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Medicare Part B Payment Increases Will Offset 340B Drug Reimbursement Cuts for 85% of Hospitals

Summary

Rural hospitals will see an average 2.7% net increase of Part B payments.

New research from Avalere Health finds that 85% of hospitals will see a net increase in their overall Medicare Part B reimbursement as a result of recent Medicare outpatient payment changes.

The changes, which took effect on January 1, 2018, cut reimbursement payments in the 340B drug program, which provides discounted outpatient drugs to health care facilities that serve low-income patient populations; however, the cuts will be offset by increases in other Medicare Part B payments (Table 1). Across all facilities, according to Avalere experts, hospitals will see an average 1.5% increase in their total Part B payments, and rural hospitals stand to benefit particularly, with those facilities netting a 2.7% increase in payments on average. Urban hospitals will see a 1.4% net increase (Table 2).

“Rural hospitals benefit the most from these payment changes, which effectively redistribute funds from urban hospitals and those participating in the 340B program,” said Joanna Young, senior director at Avalere.

Late last year, the Medicare Outpatient Prospective Payment System (OPPS) rule reduced Medicare’s payment to hospitals from average sales price (ASP) + 4.3% to ASP -23.7% for hospitals for Part B drugs purchased under the 340B program. This payment update will reduce Part B drug payments to the impacted hospitals by $1.6B in 2018. The savings of the 340B drug payment cut will be reallocated to increase reimbursements for other non-drug items and services paid under the OPPS.

Avalere’s analysis found that among the 15% of all hospitals that will experience a net payment reduction, the majority (76%) will see cuts less than 5% of their overall outpatient reimbursement. The research also found that more than half (55%) of total disproportionate share hospitals (DSH)—i.e., hospitals that serve a disproportionate number of low-income patients—will see payment increases more than offsetting the 340B drug reimbursement cuts.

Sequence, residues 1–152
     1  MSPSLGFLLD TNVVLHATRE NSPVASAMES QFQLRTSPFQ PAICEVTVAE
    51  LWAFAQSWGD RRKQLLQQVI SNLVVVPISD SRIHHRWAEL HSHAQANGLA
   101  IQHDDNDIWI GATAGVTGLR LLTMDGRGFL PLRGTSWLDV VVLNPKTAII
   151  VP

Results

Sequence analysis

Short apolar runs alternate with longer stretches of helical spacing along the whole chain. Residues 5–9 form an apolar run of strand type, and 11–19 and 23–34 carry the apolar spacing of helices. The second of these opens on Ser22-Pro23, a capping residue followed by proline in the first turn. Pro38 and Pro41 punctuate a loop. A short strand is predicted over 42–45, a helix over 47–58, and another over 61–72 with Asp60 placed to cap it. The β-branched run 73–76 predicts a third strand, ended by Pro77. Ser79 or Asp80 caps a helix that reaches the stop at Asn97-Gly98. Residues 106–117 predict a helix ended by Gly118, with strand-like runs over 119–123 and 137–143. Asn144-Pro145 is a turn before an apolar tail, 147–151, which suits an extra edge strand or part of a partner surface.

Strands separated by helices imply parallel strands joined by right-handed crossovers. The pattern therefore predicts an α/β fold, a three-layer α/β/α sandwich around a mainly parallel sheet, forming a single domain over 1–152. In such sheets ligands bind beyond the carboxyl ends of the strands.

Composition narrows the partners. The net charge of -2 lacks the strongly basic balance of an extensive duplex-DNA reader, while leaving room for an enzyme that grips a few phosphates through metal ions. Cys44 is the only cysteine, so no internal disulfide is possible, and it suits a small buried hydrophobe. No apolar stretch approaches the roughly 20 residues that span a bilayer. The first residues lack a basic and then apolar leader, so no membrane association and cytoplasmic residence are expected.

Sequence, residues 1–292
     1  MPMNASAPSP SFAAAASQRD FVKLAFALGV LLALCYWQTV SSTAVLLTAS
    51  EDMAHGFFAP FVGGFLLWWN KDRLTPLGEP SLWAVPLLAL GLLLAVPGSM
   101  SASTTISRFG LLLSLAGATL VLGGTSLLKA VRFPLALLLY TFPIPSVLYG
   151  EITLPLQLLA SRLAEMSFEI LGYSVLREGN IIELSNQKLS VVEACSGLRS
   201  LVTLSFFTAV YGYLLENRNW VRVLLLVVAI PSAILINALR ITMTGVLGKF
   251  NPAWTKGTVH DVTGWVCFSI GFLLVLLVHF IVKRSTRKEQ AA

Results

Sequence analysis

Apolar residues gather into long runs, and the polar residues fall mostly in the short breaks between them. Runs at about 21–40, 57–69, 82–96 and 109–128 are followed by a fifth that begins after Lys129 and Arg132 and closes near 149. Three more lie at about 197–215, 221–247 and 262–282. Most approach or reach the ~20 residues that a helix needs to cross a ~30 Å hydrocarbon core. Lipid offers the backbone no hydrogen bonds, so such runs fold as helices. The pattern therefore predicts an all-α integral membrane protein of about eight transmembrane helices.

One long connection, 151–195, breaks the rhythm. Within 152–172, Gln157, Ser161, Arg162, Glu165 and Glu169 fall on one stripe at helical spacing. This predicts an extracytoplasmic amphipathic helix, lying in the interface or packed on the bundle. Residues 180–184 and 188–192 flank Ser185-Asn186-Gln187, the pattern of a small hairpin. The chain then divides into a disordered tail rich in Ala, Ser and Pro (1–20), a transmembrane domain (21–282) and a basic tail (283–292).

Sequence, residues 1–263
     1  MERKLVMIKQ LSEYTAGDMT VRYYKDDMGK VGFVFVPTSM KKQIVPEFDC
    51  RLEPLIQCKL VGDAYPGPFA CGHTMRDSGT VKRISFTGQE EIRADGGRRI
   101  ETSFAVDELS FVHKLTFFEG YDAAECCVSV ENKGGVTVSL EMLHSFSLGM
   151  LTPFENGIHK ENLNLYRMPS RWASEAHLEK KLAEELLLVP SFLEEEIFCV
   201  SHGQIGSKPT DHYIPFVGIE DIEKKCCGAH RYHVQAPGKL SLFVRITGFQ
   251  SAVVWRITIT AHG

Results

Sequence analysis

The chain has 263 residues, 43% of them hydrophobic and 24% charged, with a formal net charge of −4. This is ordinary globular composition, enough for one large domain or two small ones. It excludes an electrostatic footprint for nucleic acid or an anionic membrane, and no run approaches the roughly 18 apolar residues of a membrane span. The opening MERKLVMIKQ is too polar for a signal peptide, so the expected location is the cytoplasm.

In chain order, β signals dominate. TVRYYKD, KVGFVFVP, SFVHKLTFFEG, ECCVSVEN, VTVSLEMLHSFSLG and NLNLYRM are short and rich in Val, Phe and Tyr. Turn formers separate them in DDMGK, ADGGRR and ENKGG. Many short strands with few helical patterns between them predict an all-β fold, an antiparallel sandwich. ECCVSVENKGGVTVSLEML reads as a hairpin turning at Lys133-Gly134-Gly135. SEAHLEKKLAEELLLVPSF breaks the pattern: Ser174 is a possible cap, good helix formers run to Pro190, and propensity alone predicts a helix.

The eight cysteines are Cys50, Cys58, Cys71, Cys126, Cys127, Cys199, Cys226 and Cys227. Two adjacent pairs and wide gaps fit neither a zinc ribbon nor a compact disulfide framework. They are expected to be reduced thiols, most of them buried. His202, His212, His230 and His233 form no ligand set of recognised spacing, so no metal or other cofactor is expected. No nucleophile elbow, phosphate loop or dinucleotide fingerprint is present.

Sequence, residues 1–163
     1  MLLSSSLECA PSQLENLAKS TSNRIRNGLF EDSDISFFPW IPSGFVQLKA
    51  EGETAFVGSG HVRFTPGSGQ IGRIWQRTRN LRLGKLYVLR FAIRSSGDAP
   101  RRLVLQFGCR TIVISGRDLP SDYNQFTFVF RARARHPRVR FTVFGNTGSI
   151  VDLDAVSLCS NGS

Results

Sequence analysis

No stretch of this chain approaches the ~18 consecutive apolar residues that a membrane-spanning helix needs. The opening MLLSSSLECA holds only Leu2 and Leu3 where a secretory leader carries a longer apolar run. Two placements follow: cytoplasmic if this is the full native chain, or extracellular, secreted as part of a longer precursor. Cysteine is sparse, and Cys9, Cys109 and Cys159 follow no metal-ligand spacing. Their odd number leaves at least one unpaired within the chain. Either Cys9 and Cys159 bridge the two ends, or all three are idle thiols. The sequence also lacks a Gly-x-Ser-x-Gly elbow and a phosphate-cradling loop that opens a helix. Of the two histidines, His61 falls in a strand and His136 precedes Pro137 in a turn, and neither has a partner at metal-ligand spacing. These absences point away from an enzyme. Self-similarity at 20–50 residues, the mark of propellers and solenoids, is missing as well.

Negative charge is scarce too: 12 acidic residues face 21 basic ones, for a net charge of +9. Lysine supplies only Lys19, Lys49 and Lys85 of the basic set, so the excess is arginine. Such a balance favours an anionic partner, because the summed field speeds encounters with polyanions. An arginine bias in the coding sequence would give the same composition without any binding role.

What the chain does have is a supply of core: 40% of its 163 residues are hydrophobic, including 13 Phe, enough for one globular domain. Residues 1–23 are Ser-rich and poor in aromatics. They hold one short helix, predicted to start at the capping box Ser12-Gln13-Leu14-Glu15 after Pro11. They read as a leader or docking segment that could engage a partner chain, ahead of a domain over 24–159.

“The Avalere analysis comes on the heels of a study published in The New England Journal of Medicine showing how hospitals have grown their 340B volume through acquisition of physician practices,” said Matt Brow, executive vice president at Avalere. “The Medicare payment changes reduce the financial benefit of 340B drugs to hospitals while increasing overall hospital payments and reducing beneficiary costs.”

Total net payment change
Rural vs. urban hospital payment changes

On a state-by-state basis, the analysis finds that all but 8 states will experience a net increase in Part B payments as a result of this change (Figure 1).

Payment changes by state

Access the full chart pack.

Methodology

Avalere analyzed CMS’ hospital-level data on OPPS payments for CY2017 and CY2018 to determine the overall impact of the rule that captures both, 340B drug payment reduction and all other annual payment updates. CMS’s payment estimates reflect only rate updates and do not include changes in service volume, service-mix, or number of encounters, all of which would affect the actual payments to hospitals.

Avalere also analyzed 2016 Part B drug spending using the Medicare Standard Analytical File (SAF) that includes 100% of fee-for-service (FFS) drug billing by hospital outpatient departments (HOPDs). Avalere identified Part B drugs using the quarterly 2016 ASP Drug Pricing Files. Avalere excluded vaccines per OPPS rule. Avalere adjusted Part B drug payments for each hospital to simulate the payment under the new ASP -23.7% method and to assess impact of the reimbursement cut.

The analysis reflects 3814 hospitals paid under OPPS, not including 53 children’s and 11 free-standing cancer “held harmless” hospitals that receive proportional adjustments to their OPPS payment rates and are excluded from CMS’ impact file. Those hospitals are not subject to the Part B drug payment reduction even though they are 340B eligible. Similarly, Critical Access Hospitals and hospitals located in Maryland are eligible for 340B prices but are not paid under OPPS methods.

Avalere assessed current (as of January 2018) hospital 340B participation using the 340B Office of Pharmacy Affairs Information System (340B OPAIS) from Health Resources and Services Administration (HRSA)

The $1.6B Part B drug payment reduction estimate can be found at the CMS website.

Funding for this research was provided by the Community Oncology Alliance. Avalere maintained full editorial control.

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